Book Notes: "The Shipping News" by Annie Proulx

The Shipping NewsThe Shipping News by Annie Proulx

My rating: 3 of 5 stars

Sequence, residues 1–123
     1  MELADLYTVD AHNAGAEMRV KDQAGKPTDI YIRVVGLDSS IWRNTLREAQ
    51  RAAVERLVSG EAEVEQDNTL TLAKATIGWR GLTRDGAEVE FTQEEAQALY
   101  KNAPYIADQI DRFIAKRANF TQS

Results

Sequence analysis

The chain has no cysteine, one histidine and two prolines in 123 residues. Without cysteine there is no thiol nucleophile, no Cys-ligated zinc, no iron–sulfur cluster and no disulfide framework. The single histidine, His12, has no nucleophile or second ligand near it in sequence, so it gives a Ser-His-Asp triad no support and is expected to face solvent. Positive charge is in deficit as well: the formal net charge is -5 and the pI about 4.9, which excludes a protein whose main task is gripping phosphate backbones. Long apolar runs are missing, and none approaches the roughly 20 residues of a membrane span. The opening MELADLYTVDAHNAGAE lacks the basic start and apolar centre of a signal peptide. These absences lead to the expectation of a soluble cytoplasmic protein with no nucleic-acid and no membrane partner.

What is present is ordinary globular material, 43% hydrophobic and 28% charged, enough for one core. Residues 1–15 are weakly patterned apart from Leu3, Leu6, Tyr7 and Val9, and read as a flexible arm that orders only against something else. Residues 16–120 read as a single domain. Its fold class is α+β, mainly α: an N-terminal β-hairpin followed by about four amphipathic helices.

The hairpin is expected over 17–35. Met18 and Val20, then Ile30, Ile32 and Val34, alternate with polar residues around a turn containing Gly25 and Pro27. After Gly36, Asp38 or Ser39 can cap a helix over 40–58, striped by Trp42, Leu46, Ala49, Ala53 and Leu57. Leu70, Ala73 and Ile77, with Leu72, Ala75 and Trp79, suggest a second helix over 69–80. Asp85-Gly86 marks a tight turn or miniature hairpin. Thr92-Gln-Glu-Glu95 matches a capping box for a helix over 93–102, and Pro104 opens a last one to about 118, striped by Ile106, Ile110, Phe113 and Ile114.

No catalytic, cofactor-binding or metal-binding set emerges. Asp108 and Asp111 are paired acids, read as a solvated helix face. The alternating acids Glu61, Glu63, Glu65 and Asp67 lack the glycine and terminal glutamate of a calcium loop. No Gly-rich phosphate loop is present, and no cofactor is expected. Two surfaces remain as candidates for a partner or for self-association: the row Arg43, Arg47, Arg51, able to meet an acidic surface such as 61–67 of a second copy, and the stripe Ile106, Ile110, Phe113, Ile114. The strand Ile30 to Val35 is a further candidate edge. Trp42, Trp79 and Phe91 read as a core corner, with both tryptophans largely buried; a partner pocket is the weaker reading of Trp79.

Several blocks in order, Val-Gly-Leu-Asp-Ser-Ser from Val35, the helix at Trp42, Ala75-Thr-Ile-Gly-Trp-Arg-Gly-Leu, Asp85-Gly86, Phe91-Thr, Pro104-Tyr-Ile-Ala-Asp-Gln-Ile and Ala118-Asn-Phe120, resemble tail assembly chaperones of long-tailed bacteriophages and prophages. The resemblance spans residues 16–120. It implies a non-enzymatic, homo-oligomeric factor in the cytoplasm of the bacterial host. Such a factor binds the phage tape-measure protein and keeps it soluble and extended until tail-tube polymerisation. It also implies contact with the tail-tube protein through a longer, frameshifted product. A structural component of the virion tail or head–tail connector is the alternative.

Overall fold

I have wanted to read The Shipping News since I first learnt of its Pulitzer Prize winning credentials in The Bulletin back in the 'nineties. I am not usually a fan of recent fiction but this work is very good. A back cover review cited from The Sunday Telegraph wrote of the style as "compressed" and "poetic" and this mirrors my own thoughts on the prose. What impresses me most about Proulx is that she did not publish her first novel until she was in her fifties, and The Shipping News is a masterpiece, proving that it is still possible to flower in the latter stages of middle-age. Having travelled briefly through The Maritimes, specifically Nova Scotia and Prince Edward Island, the novel brought back memories of the frozen sea and the various shanties along the coast of New Brunswick. At the time, these sights sent me back to my childhood memories of the television series The Beachcombers (although the series is from the west coast), and what was then that strange land of First Nations peoples, "Mounties" and Quebecois to the north of the United States rarely seen on Australian television. The cold salt air, the smell of seafood, that the sea could be frozen at all - Proulx captures these magnificently while weaving a story of lost souls, like driftwood, colliding with events directed by freezing currents. Towards the end I had to try to piece together the various characters whose individuality tended to blend into one another. In this edition, a typographical error where Bunny is a "he"; and another where the character Tert Card appears as Terd Card, stick in my mind. Nevertheless, on finishing the book I was rewarded with the tingling sensation of a well-written novel and an enlightened story. It was worth the wait, lived up to the expectations that have been built up for me over the last twenty years, and encouraged me to consider expanding my reading program beyond my recent focus on early twentieth-century authors. Will The Shipping News stand the test of time and become a classic? Given that the heartache of dying communities far from the fringes of the burgeoning metropolises continues while shallow urban existence intrigues, when the façade collapses, The Shipping News might just become the "backronym" that first truly captured the phenomenon in quality literature.

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